Project at a Glance

Title: Investigative modeling of PM2.5 episodes in the San Joaquin Valley Air Basin during recent years

Principal Investigator / Author(s): Kleeman, Michael

Contractor: UC Davis

Contract Number: 15-301


Research Program Area: Atmospheric Processes

Topic Areas: Chemistry & Reactivity, Modeling


Abstract:

The decreased severity of air pollution events in California over the last 15 years has benefited human health, yet also presented new challenges for air quality modeling. Chemical transport models (CTM) used in SIP development have not been able to completely adapt to the changing emissions and meteorological conditions. One of the results from this is that, compared with events 10-15 years ago, CTMs under predict peak nitrate concentrations in the San Joaquin Valley (SJV) by a much larger amount. To address this and other model shortcomings, this project addressed potential causes for under predictions in nitrate concentrations and, where possible, developed best available solutions. This work was carried out in two phases. An initial phase investigated possible modeling biases in both reactive nitrogen emissions and meteorological fields through various comparisons with measurements. Based on the results of this work, phase 2 investigated corrections to biases in emissions of nitrate precursors, corrections to biases in meteorological fields, optimization of nitrate production conditions, and refinements to the spatial resolution for nitrate formation. Using a revised CTM based on these findings, the Principal Investigator (PI) simulated several historical and current air pollution episodes and compared these with measurements from 2010 CalNex, 2013 DISCOVER-AQ, and CARB ground sites in 2015. In addition to improvements in descriptions of the meteorological fields, the PI proposed increases in nitrogen oxides (NOX) emissions, primarily from candidate soil emissions. Further work is needed to fully test this hypothesis and better understand the seasonal and agricultural impacts on this possible NOX source. Overall, the optimized CTM still has difficulties in the description of boundary layer dynamics and associated processes that recent work suggests is important in particulate nitrate formation in the SJV.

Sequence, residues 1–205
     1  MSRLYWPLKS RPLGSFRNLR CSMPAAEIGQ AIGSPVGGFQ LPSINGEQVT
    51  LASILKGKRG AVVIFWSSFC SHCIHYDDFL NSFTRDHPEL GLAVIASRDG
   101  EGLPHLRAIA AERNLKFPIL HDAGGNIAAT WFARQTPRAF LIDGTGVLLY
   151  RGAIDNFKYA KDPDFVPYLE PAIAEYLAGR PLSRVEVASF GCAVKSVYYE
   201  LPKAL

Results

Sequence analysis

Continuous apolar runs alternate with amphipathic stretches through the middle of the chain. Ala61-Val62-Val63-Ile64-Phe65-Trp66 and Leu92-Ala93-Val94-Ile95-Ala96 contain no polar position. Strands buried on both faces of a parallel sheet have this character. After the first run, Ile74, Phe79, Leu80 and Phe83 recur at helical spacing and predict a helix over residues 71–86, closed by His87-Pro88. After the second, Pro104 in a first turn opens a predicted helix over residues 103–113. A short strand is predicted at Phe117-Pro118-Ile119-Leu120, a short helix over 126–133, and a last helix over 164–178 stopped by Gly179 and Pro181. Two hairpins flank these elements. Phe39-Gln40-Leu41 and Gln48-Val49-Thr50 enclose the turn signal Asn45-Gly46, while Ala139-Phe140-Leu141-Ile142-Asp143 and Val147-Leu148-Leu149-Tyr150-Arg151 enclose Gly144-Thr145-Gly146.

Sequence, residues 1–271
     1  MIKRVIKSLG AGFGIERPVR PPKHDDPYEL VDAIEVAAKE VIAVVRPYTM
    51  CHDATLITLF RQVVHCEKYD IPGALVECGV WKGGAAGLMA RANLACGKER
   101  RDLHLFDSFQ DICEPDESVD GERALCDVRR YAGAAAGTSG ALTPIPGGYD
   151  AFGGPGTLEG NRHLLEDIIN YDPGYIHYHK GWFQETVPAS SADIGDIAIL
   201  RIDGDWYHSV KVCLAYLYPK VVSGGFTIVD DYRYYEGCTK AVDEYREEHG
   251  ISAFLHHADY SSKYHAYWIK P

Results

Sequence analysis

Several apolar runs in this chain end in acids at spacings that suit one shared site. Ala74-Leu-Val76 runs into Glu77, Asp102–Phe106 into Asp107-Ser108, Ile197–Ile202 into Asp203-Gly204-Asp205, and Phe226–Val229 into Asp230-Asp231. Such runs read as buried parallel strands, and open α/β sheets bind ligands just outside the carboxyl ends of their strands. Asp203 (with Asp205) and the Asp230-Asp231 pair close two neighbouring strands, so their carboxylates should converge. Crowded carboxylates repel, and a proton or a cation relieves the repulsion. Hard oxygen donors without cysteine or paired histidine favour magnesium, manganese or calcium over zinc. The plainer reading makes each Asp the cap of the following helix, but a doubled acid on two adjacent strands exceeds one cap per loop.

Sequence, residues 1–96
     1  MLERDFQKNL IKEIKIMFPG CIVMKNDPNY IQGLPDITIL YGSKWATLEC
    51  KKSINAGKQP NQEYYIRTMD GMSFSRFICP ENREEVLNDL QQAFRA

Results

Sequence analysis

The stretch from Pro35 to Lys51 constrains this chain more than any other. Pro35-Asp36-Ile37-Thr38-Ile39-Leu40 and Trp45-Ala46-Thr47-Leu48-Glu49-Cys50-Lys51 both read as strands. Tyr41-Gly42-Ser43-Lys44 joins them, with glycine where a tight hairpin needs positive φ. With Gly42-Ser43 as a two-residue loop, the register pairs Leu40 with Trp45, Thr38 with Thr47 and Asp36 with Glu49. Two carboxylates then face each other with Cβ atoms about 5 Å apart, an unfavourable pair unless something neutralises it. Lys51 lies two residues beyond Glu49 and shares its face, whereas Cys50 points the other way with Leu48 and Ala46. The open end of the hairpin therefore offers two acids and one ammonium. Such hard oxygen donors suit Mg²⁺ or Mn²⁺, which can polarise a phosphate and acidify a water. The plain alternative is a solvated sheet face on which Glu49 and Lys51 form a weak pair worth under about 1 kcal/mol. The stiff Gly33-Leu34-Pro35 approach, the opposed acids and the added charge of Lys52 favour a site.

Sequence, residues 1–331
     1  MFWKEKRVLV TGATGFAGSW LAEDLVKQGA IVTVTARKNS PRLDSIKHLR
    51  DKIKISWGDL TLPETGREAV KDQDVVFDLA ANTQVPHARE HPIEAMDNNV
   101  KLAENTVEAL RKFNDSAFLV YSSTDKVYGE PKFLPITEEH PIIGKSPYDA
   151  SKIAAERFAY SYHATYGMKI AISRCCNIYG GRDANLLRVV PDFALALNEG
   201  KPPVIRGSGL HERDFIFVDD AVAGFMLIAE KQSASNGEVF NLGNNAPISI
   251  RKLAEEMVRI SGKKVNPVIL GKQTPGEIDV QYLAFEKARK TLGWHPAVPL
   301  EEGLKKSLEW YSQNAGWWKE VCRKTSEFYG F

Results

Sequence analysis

For questions regarding this research project, including available data and progress status, contact: Research Division staff at (916) 445-0753

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